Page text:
Galaxy Release 1.1.1

October 30, 2015 by Chris Houseknecht

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 We’re back again with a quick update to Galaxy. In the last release we did some cool things to make searching roles much easier. This release is a mini release focused on fixing a few bugs and adding minor enhancements we couldn’t squeeze into the last cycle.

Galaxy issues are tracked publicly at https://github.com/ansible/galaxy-issues. Here are the issues addressed in release 1.1.1:

#88 Role Data Should Show Last Modified Instead of Created Date

#86 `ansible-galaxy -r roles.txt` - Incorrect Example

#84 README.md Fails to Render When it Contains a Variable String Like

#82 "Sign in" Option Should Appear on Home Page Header

#81 Better Filter for RHEL/Centos -> EL in Platform Search

#53 Adding a Role Called "Ansible" Results in Un-named Role

#14 Add Galaxy support for Debian Jessie

#9 Periods in Role Names Cause Installs to Fail

Fuzzy Searching

As part of fixing issue #81, Better Filter for RHEL/Centos -> EL in Platform Search, we changed the way the new role filtering works. A lot of times you know what you’re looking for, and don’t want to wait for autocomplete suggestions. For example, you might be looking for a Platform value of ‘centos’. Typing ‘centos’ into the search box produces a suggestion list containing ‘EL’ for Enterprise Linux. With the new change you no longer need to wait for the autocomplete list to learn that ‘centos’ maps to ‘EL’. Instead, just type in ‘centos’, hit the return key, and all roles with a Platform of ‘EL’ appear.

This change applies to Tags and Authors as well. Instead of needing to search for exact values Galaxy now performs a ‘fuzzy’ search. For example, type in ‘dev’ for the Tag value, hit the return key, and all roles with a Tag equal to or similar to ‘dev’ are returned with the most relevant listed first.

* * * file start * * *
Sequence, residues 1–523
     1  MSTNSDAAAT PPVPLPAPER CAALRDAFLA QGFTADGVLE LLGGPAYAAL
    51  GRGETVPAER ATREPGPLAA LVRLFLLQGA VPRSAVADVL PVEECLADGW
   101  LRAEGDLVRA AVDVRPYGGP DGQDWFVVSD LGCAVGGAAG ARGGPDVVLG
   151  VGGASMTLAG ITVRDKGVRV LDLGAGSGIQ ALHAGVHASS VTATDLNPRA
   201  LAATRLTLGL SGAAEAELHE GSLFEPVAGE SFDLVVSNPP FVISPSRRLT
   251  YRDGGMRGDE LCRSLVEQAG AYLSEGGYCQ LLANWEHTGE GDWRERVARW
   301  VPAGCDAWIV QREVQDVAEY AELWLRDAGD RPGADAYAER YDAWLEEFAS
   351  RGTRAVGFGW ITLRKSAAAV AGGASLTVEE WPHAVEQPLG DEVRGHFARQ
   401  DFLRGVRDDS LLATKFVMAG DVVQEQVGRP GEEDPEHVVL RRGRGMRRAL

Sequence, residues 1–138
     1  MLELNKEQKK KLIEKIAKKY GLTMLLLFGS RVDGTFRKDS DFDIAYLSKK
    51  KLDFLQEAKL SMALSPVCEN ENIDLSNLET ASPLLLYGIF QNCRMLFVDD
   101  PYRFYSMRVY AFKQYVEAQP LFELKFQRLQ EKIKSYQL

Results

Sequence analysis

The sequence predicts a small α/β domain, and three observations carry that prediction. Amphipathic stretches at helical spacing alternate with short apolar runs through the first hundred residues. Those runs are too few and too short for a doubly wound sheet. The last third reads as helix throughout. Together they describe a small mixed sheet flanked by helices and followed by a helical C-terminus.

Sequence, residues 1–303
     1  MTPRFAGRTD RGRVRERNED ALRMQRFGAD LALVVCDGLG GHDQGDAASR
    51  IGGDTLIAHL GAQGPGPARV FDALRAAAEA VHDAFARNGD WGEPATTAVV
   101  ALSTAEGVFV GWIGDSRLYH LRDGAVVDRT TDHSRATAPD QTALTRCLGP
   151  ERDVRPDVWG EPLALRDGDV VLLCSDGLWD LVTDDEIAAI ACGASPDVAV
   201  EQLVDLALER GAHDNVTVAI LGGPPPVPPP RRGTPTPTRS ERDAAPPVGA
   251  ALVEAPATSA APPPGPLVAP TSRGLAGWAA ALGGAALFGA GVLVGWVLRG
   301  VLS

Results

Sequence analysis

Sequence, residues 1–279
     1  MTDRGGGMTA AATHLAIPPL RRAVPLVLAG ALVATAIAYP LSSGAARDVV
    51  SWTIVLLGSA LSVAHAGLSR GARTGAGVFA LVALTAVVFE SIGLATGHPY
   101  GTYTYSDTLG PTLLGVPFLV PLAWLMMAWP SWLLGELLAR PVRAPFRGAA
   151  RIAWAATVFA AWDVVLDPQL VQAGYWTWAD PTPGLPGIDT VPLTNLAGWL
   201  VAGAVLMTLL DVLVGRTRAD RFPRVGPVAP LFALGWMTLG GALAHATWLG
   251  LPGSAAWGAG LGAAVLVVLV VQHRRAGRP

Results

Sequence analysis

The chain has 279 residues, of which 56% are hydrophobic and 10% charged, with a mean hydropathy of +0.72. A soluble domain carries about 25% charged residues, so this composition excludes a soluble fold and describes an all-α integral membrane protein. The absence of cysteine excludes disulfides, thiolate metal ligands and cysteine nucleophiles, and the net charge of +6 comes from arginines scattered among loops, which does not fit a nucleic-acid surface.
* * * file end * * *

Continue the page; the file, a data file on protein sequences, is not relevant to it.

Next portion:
Roles Named Ansible

Issue #53 highlighted a problem encountered by several authors attempting to create a role with the name ‘ansible’. A few succeeded, but many attempts resulted in a role being created with no name at all. This has now been fixed so that a role can be created with the name ‘ansible’ or ‘Ansible’ without doing anything tricky.

By default Galaxy uses the Github repository name to determine the role name. You can override this by providing an alternate name when importing the role. During import Galaxy removes the strings ‘ansible’ and ‘ansible-role’ from the beginning of the name. However, it now allows a name consisting of only ‘ansible’ or ‘Ansible’.

What this all means is that there are a couple different ways to create a role named ‘ansible’. A Github repository named ‘ansible’ or ‘ansible-role-ansible’ will result in a role named ‘ansible’. Or, simply providing an alternate name value of ‘ansible’ will work.

What’s Next?

As always we’re continuing to iterate on Galaxy. In release 1.2 we will be looking at how to bring Github organizations into Galaxy. Adding a download count to roles is on the list. And, we’ll start work on role testing. Keep an eye on the progress of release 1.2 by watching Galaxy Issues.

 

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Chris Houseknecht

Chris is the Principal Engineer at Ansible by Red Hat. Starting as employee number five, Chris keeps watch over Ansible Docker modules, maintains Ansible Galaxy and is the lead Engineer for Ansible Container. When he’s not working he spends his time cooking, walking his dogs or outside on his mountain bike or motorcycle. He can be found on twitter at @chouseknecht.


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